contributed by Ronna Fleischman
In just the past two decades, America has embraced the emergence of the new media art world, which uses the computer as subject matter, production tool and artistic medium all at once. By the year 2000, a surprising number of American museums, including the San Francisco Museum of Modern Art, the Walker Art Center and the Whitney Museum of American Art, were regularly presenting digital and online works. An abundance of artists and iconic works are being exhibited before large audiences in galleries and online, and their impact has been widely discussed by well-known theorists and critics.
Joshua M. Smith (aka “Hydro74”), an Orlando based designer, was rated one of the top digital artist in America in 2009. As a college student, Joshua began taking visual communications courses which focused on the digital side of design. He has gone on to work with major sports and companies and record labels. In an interview, he explains his passion “to push the boundaries in doing what I feel is relevant to the market as well as extract various elements and trends to be able to offer them up in my own personal work.”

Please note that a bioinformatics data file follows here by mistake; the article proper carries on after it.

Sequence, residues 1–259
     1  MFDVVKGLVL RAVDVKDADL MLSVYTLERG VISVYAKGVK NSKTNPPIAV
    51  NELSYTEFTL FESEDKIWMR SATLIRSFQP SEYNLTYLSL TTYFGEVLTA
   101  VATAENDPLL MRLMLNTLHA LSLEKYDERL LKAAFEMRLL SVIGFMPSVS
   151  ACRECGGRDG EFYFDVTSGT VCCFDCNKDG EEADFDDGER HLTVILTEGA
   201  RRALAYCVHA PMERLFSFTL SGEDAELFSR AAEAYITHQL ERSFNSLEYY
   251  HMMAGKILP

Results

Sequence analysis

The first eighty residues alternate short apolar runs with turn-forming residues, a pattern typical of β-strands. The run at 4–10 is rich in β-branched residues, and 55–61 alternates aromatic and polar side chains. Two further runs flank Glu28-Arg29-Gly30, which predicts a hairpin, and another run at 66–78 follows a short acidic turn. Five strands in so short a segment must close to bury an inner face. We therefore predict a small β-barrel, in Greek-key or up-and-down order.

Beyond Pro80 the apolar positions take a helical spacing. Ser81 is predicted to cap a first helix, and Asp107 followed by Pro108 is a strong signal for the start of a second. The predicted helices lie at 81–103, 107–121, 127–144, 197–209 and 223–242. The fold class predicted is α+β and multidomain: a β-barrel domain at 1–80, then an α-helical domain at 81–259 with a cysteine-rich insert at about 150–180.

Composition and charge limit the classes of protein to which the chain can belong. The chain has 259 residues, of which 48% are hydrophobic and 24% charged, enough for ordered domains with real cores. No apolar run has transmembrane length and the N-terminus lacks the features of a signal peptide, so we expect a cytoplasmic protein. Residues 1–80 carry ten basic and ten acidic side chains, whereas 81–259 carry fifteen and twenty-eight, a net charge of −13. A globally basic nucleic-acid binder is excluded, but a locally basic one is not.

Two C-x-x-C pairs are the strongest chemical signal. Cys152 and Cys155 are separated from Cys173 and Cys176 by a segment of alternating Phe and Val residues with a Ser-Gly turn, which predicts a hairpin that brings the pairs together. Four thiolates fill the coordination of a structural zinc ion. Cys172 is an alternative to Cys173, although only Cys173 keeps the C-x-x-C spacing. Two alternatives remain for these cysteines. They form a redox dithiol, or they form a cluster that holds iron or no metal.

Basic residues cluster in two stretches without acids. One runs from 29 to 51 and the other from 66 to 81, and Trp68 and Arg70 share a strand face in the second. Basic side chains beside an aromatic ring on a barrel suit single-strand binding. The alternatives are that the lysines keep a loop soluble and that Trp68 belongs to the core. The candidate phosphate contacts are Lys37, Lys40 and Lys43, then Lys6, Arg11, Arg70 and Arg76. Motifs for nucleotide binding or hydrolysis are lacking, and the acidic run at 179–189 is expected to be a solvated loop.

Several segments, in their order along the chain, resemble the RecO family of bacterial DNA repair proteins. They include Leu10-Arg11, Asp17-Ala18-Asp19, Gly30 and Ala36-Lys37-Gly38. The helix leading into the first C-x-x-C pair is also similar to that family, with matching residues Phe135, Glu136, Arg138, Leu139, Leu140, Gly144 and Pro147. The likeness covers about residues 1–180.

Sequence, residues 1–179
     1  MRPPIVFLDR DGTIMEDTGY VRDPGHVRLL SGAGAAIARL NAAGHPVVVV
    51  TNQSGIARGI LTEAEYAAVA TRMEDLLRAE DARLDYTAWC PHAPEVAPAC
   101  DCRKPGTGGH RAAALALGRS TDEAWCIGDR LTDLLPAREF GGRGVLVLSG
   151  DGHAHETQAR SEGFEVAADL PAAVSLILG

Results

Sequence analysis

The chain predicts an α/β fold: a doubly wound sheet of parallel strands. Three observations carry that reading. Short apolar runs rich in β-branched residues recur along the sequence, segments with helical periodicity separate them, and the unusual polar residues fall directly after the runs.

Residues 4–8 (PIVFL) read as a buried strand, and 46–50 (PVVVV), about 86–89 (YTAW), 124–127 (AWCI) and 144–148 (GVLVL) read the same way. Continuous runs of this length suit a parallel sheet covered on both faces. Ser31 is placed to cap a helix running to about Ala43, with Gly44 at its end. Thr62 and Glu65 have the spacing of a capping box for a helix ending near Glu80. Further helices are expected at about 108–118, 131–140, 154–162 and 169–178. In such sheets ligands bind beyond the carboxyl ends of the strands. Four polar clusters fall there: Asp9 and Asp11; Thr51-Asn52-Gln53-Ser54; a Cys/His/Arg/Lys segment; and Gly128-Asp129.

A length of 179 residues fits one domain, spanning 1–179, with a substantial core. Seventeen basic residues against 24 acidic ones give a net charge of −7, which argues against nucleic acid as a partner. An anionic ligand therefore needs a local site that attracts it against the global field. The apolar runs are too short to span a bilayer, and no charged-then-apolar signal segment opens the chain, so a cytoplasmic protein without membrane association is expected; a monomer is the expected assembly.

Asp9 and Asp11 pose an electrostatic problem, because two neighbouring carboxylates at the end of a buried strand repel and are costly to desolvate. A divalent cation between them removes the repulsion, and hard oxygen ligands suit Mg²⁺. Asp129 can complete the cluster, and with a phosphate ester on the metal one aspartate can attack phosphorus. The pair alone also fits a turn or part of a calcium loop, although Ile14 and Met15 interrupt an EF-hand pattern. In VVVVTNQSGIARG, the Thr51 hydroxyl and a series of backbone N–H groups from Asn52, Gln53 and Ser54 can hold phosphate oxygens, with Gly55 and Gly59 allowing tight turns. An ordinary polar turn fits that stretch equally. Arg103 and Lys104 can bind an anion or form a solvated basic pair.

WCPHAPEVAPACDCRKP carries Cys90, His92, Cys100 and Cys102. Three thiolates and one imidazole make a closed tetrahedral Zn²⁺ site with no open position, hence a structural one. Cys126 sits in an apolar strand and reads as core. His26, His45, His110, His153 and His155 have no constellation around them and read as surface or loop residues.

In the summer of 2011, the Museum of Modern Art in New York was among the first to showcase Microsoft’s newly developed digital art software. It used Microsoft Digital Art, a realistic painting program that simulates the experience of traditional painting and drawing, to enhance viewers’ experience in an interactive exhibit. Viewers could play with the technology and learn how it can be used in an authentic creative experience.
Whether digital art is a revolution or simply the evolution of fine art in the modern world, harnessing modern technologies to achieve a higher level of visual aesthetic and emotion will certainly continue to be explored in American culture.